Is the Android ecosystem becoming less fragmented?
For years, Google has wrestled with fragmentation: too many phones by too many manufacturers running outdated versions of Android. That lack of coordination among carriers and manufacturers led to frustration on the part of many users—there’s nothing more annoying than realizing your shiny phone is never going to run an app designed for the latest version.
Back in 2017, Google proposed “Project Treble,” which was supposed to de-fragment the ecosystem by letting carriers and manufacturers update phones to the latest version without having to rework their apps or services (their bloatware, in many cases). In theory, that was going to streamline those partners’ ability to update the phones in a timely manner.
Now, new data shows that Project Treble might actually be working—albeit at a somewhat slow pace. “One of the earliest indications that Project Treble was having a positive effect was our ability to run the Beta program for Android 9 Pie on many more devices from more manufacturers,” reads a new posting on the Android developer blog. “With Android 10, this year, we increased the number of devices to 18 (again, in addition to Pixels), representing 12 OEMs. This represents a significant increase over the previous year and shows that Project Treble is having an impact.”
Just take a look at this fancy Google graph:
Right before Android 9 launched in 2018, its predecessor, Android 8, ran on 8.9 percent of phones in the operating system’s ecosystem. Before Android 10 launched in August of this year, Android 9 was running on 22.6 percent of phones. To Google, that rising number of phones running the most recent version of the OS is mathematical proof that Project Treble is working.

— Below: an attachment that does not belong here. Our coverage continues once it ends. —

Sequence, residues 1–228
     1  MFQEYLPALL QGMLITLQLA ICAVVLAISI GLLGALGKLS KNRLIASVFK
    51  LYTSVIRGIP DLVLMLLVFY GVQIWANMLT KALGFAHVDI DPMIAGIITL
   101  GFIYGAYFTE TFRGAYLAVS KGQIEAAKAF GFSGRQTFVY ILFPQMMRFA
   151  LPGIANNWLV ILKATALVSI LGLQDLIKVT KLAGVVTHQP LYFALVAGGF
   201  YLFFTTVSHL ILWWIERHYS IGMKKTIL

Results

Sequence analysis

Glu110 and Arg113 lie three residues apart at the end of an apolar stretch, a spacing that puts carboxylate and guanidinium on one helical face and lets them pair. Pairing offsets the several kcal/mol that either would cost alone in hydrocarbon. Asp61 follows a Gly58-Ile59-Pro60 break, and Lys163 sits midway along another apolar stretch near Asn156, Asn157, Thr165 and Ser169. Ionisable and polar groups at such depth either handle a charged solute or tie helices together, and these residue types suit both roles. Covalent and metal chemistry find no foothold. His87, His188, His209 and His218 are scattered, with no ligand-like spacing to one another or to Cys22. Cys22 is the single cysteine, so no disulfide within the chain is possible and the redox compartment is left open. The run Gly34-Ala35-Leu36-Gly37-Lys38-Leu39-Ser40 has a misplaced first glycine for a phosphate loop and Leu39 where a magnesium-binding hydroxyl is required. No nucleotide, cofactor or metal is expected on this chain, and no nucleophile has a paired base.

Right now, Android 9 holds 10.4 percent of the overall Android market, according to Google.
If Google is indeed reversing years of fragmentation, that’s pretty astounding. Quick, someone peek out a window and see if pigs are flying around.
More Anti-Fragmentation: Project Mainline
There’s also Project Mainline, which allows Google to channel security and compatibility updates via the Play Store, which is shared across all phones. “Project Mainline is to the core of the Android OS what Project Treble is to its foundation,” the blog added. “It is a dramatic improvement in the velocity of updates of the OS components that fall under its umbrella.”
But Google will continue to rely on manufacturing partners for the bulk of Android phones, which means that fragmentation will likely present a significant issue for quite some time. For developers, though, initiatives like Project Treble and Project Mainline are only a good thing: the more users running the latest version of the OS, the better their apps will run (and the bigger an audience for the latest apps).
Editor’s Note: In two instances of a previous version of this article, we accidentally referred to “Project Treble” as “Project Tremble.” We’re sorry. We’re so, so sorry.